Did you know two famous engravings of the eighteenth century come with poems? These two artistic creations by William Hogarth would eventually lead to the Gin Act of 1751. Let’s take a moment to talk about “Beer Street” and “Gin Lane.”
About the two engravings
William Hogarth (1697 – 1764) made the two engravings when London was in a crisis. Just like other major British cities. All because of what was described as the Gin Craze. It was special that the crisis was overcome by the party that was partly to blame for it. It was the British parliament who encouraged the people to buy more spirits in 1689. Spirits that were made in Great-Brittan. Not in overseas countries. This would help the industry flourish. The import of French wine would eventually come to an ending, so it was believed.
Thus said, the people started drinking spirits from their own country. It was such a great success. With the success, came the disturbing scenes. Scenes as portrayed by Hogarth. The new crisis wasn’t one that came from the import of goods from abroad, but the fight against alcoholism.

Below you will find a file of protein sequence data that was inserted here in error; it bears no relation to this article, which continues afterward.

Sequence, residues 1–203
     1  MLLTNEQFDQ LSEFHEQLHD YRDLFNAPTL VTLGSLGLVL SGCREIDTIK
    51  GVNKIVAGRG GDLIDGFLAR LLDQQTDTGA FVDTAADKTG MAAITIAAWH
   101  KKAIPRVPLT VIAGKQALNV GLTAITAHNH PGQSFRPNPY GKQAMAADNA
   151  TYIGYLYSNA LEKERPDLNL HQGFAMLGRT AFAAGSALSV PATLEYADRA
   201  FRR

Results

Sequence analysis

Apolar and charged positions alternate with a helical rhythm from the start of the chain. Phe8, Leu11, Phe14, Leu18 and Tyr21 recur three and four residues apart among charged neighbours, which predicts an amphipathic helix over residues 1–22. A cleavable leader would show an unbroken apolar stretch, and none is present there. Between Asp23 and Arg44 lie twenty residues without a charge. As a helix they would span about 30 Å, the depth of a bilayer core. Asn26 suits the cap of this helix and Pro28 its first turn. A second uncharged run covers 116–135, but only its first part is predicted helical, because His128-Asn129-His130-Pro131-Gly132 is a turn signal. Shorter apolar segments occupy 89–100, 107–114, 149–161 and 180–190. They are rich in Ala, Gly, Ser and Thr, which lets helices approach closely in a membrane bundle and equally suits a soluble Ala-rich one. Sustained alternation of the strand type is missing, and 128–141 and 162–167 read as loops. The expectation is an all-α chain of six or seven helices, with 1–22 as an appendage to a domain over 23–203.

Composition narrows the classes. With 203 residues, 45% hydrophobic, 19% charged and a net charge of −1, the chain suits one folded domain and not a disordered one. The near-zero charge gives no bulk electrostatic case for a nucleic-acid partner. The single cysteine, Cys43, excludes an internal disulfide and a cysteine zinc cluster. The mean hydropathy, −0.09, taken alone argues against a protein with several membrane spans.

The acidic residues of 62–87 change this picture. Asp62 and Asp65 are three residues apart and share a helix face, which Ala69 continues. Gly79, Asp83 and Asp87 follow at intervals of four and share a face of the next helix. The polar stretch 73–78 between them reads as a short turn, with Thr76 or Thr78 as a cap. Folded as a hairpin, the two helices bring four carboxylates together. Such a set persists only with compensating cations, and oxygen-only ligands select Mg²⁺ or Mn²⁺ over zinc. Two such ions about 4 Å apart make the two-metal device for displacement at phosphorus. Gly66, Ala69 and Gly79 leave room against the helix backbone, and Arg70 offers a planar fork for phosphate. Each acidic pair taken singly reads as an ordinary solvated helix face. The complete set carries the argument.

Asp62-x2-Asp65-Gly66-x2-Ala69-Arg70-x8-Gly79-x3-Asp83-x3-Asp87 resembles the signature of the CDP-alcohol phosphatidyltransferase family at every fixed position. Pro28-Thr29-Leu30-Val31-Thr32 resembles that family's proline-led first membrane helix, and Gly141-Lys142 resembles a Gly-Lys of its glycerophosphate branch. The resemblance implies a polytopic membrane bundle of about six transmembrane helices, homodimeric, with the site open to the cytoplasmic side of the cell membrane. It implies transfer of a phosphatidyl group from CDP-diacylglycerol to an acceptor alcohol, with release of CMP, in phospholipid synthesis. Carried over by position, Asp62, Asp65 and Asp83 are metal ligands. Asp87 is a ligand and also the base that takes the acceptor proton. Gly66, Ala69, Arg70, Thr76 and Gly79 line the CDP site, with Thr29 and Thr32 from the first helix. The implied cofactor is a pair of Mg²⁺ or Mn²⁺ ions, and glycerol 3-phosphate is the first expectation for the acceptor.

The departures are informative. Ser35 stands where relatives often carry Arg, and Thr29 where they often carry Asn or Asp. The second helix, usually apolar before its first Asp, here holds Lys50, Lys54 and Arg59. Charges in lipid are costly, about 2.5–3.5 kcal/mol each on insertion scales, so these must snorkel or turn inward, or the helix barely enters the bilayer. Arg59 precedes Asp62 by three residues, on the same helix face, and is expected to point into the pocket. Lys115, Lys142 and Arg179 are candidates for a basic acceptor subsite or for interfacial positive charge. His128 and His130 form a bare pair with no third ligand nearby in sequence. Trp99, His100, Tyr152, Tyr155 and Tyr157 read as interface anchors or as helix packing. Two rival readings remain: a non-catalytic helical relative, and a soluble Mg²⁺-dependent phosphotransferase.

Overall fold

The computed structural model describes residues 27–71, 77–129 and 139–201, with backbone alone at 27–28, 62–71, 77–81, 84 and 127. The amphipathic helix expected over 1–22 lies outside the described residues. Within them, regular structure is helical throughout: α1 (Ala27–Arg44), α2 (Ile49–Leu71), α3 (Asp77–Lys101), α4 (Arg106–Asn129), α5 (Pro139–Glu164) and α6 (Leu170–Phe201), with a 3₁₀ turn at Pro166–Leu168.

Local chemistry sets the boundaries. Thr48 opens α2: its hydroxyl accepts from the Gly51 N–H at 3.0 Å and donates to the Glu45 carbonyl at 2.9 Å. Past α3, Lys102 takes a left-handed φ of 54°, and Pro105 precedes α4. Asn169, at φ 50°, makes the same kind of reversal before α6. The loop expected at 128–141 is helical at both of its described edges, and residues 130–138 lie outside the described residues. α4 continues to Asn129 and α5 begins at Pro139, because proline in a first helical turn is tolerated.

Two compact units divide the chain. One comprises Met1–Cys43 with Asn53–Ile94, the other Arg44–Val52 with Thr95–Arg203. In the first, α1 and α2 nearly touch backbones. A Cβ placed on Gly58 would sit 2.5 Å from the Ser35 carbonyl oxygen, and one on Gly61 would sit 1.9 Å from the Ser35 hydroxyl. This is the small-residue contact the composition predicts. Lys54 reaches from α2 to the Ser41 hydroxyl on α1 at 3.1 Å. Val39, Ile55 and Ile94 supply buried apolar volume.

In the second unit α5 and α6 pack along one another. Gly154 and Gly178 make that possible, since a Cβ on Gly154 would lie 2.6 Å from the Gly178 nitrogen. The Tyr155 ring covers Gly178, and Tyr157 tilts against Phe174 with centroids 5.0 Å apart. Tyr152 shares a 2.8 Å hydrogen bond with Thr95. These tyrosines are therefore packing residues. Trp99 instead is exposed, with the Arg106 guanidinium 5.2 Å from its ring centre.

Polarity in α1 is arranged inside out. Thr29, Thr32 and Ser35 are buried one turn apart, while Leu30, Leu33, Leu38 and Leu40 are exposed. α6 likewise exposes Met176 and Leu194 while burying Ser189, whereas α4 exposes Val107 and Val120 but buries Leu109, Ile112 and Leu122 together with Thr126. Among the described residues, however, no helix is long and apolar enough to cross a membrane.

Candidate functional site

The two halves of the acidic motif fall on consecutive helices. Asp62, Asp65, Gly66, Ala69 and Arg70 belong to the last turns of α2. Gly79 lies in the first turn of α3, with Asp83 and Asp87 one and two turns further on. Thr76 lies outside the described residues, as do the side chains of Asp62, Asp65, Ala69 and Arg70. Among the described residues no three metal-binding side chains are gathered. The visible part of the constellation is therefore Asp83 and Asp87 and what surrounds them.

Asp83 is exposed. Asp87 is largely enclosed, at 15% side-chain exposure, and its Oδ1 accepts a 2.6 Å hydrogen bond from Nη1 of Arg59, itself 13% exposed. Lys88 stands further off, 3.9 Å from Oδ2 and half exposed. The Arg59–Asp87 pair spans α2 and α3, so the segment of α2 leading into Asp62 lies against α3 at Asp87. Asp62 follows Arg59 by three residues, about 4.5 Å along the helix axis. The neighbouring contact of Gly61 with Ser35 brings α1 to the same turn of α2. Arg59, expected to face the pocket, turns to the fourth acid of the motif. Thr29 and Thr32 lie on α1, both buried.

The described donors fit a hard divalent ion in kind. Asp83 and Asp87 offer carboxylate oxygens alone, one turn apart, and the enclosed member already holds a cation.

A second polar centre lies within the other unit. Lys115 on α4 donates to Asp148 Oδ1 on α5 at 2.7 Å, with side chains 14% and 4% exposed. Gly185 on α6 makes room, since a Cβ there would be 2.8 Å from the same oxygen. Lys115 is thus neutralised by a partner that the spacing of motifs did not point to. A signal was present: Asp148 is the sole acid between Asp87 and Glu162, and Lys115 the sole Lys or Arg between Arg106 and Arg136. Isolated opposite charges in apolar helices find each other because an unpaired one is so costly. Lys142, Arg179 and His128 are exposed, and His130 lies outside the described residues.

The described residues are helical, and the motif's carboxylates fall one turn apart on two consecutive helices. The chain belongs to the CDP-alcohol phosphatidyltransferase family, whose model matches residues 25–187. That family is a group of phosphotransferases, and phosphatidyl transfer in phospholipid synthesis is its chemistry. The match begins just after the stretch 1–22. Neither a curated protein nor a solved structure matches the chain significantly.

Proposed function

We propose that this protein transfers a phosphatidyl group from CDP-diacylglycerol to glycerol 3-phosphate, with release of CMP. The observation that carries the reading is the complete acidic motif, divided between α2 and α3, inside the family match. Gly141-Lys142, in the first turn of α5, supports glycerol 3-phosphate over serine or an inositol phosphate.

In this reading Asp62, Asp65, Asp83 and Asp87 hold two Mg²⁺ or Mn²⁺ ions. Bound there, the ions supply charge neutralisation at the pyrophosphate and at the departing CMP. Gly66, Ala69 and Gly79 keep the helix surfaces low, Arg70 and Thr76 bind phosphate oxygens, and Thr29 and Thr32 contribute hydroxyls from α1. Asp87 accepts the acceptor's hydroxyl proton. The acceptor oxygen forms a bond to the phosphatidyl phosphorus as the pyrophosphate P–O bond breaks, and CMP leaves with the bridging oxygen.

Hogarth made these engraving as a protest and he wanted to show the need for change. For each engraving, he wrote a poem. The first one, about Beer Street, shows a somewhat happy place. In the other street, it was mayhem. On Gin Street, things got out of hand.
The message that Hogarth brought forward: don’t drink spirits, drink beer.
|Beer, happy Produce of our Isle|
Can sinewy Strenght impart,
And wearier with Fatigue and Toil
Can cheer each manly Heart.
Labour and Art upheld by Thee
We quaft Thy balmy Juice with Glee
And Water leave to France
Genius of Health, thy grateful Taste
Rivals the Cup of Jove,
And warms each English generous Breast
With Liberty and Love!
Gin, cursed Fiend, witg Fury fraught,
Makes human Race a Prey.
It enters by a deadly Draught
And steals our Life away.
Virtue and Truth, driv’n to Despair
Its Rage compells to fly,
But cherishes with hellish Care
Theft, Murder, Perjury.
Damned Cup! that on the Vitals preys
That liquid Fire contains,
Which Madness to the heart conveys,
And rolls it thro’ the Veins.
Was this a flame against alcoholism? Well, partly. Hogarth ruled out the possibility that beer could lead to alcoholism.